presented Claire Poumele, Council member from American Samoa and director of the American Samoa Port Administration, with a check for $94,000. This is the second check provided by the Council to American Samoa to support development of a longline vessel dock extension at the Malaloa Marina in Pago Pago Harbor. The Council requested that the American Samoa Government make known the planned funding source that will be utilized for the construction of the dock and provide a timeframe to complete the project.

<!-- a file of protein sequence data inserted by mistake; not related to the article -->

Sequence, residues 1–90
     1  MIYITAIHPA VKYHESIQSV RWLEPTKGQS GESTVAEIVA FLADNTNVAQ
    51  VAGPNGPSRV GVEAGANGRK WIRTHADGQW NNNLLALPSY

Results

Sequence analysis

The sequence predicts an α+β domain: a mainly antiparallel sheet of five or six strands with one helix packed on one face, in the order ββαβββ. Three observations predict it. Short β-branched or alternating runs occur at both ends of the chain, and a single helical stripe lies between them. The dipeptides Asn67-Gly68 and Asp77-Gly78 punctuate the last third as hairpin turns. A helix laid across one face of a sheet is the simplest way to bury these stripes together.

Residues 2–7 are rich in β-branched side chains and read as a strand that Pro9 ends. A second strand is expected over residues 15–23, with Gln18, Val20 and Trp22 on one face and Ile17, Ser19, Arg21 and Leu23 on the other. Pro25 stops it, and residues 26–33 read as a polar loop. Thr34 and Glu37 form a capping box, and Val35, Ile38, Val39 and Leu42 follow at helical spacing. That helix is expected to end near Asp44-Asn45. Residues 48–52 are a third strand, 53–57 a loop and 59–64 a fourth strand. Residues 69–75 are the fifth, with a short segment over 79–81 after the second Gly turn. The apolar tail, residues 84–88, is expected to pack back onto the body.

Also regarding the American Samoa longline fishery, the Council requested that the National Marine Fisheries Service (NMFS) provide pelagic catch rates and other fishery statistics for the American Samoa Large Vessel Prohibited Area waters that have recently been opened to federally permitted, American Samoa-based longline vessels longer than 50 feet in length. These waters are 12 to 50 nautical miles (nm) from shore around Swains, Tutuila and the Manua Islands. The waters 0 to 12 nm around these islands and 0 to 50 nm from shore around Rose Atoll remain closed to pelagic fishing vessels longer than 50 feet in length.